First Light for Alan Garner

Garner 1First Light is an Unbound book, initially paid for by its subscribers. Because the book has to sell before it’s published Unbound have to do a great deal of pre-sell publicity, and it certainly helps if the author, or subject, is famous. In this case – First Light: A Celebration of Alan Garner, edited by Erica Wagner – the subject is famous (if you’ve read any of his novels: I was stunned to discover that my husband hasn’t, so his pile of books-to-be-read is now substantially larger than it was). The editor is famous if you’ve read any of her novels, or any of the newspapers or magazines that she writes for. But, even if one wanted to buy the book because one liked The Weirdstone of Brisingamen, or Wagner’s book reviews for The New Statesman, outside these two groups there is a gaping hole, and into the hole a host of celebrity contributors have been poured. If writing by a Big Name is printed in a book supporting a Lesser Name, then all the Big Name’s fanbase will flock to buy the book, or at least tweet about their intentions of so doing. This is the third Unbound selling strategy.

Garner 3First Light is an exceedingly handsome book (though, annoyingly, it lacks an index). It’s a deeply absorbing collection of 43 essays and poems, a Robert Macfarlane word-map and Cornelia Funke’s unexpected illustration of Garner as the Horned One. It creates a fractured kaleidoscopic picture of Garner, packed with surprises. He was the teenage sprinter who did his training with Alan Turing on Alderley Edge. He was a promising young classicist who left his hard-won place at university to learn how to write. He is the descendant of generations of stone-workers who have lived in the same place in Cheshire for hundreds of years. He rescued a medieval hall, and moved a Tudor cottage 16 miles to join it. He carried an oak shovel around in his kitbag for four years during his National Service, worried that if he didn’t have it with him it might disappear again, as it had in his infant school, and in the mine down the road where the Victorian miners dug it up. It was later carbon-dated to the Bronze Age and still works perfectly well. Things get dug up in his own garden all the time.

Garner 4He also wrote novels. The Weirdstone of Brisingamen and The Moon of Gomrath captured me before I was 12, but I never really liked The Owl Service or Red Shift, though we had to read them at school. I inexplicably missed out on Elidor, but devoured The Guizer, The Stone Quartet and A Bag of Moonshine. As an adult I returned to Garner when I found Strandloper and Boneland high and dry on a bookshop shelf (I reviewed them two years ago for Vulpes Libris). I’ve got Thursbitch and The Voice that Thunders on my reading list now (with Elidor). If nothing else, First Light has given me a much better grip on what other Garner works are out there that I should be reading.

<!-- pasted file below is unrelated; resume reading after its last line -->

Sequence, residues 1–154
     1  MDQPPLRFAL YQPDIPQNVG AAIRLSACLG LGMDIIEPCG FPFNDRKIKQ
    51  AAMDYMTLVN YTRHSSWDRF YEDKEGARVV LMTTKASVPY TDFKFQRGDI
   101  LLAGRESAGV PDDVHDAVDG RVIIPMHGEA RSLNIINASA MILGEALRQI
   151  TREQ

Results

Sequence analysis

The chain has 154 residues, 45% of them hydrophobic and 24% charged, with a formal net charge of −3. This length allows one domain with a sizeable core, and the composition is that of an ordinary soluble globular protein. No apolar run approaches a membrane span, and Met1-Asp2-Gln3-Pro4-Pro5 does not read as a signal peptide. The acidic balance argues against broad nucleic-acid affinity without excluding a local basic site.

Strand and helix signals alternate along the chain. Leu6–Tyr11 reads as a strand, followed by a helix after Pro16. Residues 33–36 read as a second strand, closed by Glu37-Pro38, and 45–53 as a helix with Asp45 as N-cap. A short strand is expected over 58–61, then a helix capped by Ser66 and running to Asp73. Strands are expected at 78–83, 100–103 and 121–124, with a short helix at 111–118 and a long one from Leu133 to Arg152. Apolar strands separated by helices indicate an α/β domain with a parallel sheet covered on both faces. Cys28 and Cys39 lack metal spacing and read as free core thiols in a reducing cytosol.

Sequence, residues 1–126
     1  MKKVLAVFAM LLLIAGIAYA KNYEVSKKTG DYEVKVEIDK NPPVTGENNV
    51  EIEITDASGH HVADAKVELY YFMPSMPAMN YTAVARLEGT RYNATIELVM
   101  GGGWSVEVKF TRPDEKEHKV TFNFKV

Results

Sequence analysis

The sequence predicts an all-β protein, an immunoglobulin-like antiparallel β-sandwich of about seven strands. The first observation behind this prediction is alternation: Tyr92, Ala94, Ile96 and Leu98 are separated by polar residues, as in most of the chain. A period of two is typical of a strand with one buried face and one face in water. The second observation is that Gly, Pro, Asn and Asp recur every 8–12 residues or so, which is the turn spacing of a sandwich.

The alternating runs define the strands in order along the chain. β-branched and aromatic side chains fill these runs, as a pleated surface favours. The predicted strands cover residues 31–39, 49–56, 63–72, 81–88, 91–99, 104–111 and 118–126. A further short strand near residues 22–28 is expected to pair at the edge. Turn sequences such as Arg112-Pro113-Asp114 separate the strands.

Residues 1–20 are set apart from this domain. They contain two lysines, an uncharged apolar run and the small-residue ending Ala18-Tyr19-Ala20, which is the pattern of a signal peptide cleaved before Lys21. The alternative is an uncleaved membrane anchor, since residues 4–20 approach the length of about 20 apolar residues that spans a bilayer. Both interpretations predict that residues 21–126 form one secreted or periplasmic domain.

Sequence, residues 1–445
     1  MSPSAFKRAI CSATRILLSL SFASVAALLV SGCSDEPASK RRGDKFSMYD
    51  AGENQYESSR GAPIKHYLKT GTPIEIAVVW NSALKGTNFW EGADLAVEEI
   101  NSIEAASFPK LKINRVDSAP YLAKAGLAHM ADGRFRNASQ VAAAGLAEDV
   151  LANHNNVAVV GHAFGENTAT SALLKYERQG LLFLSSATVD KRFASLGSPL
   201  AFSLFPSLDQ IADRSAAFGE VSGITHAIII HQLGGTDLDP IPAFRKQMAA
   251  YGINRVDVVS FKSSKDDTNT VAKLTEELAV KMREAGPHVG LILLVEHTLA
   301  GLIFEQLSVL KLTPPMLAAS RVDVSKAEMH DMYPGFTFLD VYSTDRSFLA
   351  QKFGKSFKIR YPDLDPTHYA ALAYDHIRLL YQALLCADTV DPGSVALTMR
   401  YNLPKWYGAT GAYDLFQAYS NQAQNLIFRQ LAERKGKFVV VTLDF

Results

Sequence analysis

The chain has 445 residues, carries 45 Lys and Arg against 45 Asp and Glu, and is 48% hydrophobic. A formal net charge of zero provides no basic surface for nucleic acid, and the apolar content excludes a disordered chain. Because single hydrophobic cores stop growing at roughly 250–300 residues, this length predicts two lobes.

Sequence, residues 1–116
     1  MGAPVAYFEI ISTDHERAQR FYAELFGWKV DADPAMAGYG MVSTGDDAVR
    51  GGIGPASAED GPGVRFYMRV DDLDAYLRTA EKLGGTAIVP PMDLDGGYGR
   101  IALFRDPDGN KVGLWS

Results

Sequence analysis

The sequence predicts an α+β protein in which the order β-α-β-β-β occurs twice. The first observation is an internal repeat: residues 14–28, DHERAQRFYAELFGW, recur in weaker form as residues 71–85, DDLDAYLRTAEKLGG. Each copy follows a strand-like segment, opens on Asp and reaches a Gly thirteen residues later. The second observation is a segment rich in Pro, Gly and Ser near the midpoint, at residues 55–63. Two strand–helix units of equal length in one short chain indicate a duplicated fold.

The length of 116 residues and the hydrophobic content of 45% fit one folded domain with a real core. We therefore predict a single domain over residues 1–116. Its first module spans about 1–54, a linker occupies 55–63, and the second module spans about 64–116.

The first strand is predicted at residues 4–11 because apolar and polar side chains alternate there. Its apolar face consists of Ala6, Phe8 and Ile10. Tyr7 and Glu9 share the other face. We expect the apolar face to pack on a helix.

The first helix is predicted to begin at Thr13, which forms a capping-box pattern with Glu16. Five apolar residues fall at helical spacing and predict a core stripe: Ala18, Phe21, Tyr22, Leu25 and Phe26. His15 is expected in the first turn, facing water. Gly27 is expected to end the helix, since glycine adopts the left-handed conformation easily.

The essays that really spoke to me are the ones that told me more about the books I know, or now want to know, by how they worked on other readers. Helen Macdonald and Rowan Williams’ poems do this. Neil Gaiman’s observation about Boneland makes complete sense of the whole Colin and Susan saga for me: that there is a missing third novel that hasn’t (yet) been written, preceding and explaining the terrifying, schizophrenic anguish of Colin’s search for his sister in the Pleiades. I’m so tired of Stephen Fry’s multiple appearances in every medium, but what he says about Garner’s writing rings true: Garner is a writer who trusts his readers. Ali Smith’s recollections of seeing The Owl Service on TV, Philip Pullman’s carefully-chosen words about the moral relationship between craft and writing, and Margaret Atwood’s totally bonkers story about a people-skinning raccoon – these are the Big Name contributions to draw the unGarnered reader in, to find out what their heroes think of him. It’s unclear what the Atwood story says about Garner or his writing, but what anthology editor is going to refuse a short story from Margaret Atwood? Perhaps it was simply a present.

Garner 5Less well-known names (unless you’re into archaeology or professional storytelling, for example) give revealing recollections of how a Garner book did things to their mind, or how he popped up in their professional or private lives one day holding a thing of wonder to show them, and how he has never left. There is pain in some essays, that articulate how Garner’s writing works as healing and therapy. These moved me: seeing behind the public frontages of these Big Name authors lessened my dislike for their writing.

There are also New Big Names included who were presumably asked to write something because they are so hot right now. There are So-So Names who get in because they are part of the London literary scene, on the spot for commissioning because they move in the same circles as the editor, or in Unbound’s orbit. Many of these contributions were uninteresting, being not much more than ‘My favourite Alan Garner book and why’, which we can all write ourselves. At least one was a regrettable froth of self-indulgent twaddle. The most memorable essays are those by specialists pointing out something hitherto unnoticed or remarkable that Garner has said or done, and the people from Garner’s life who have no particular public presence, whose biographical stories prevent the book slopping into woolly mush. It might so easily have gone that way, had it merely been a luvvy-festschrift (which is good, because Garner is absolutely not a luvvy). Despite all the necessary publicity and puffery needed to get this book off the ground, it’s a great addition to biography. I’m glad I subscribed.

 

 

The two biographies of Naomi Mitchison

Cover using the famous portrait of Naomi by her friend Wyndham Lewis
Cover using the famous portrait of Naomi by her friend Wyndham Lewis

I’ve read two biographies of Naomi Mitchison in the past week (working up some conference papers). Both lean very heavily on Mitchison’s published memoirs, and note that her record of her interwar life, You May Well Ask (1979), is deliberately vague about some important matters. Jill Benton’s Naomi Mitchison. A Biography (1990) is both rather too personal and unsettlingly gappy. Jenni Calder’s The Nine Lives of Naomi Mitchison (1997) begins as an almost straight copy of Benton until we reach the Second World War, when Calder frees herself from the pattern her predecessor set down, and from Mitchison’s own memoirs, and begins to write independently and fully, almost to the end of Mitchison’s life in 1999.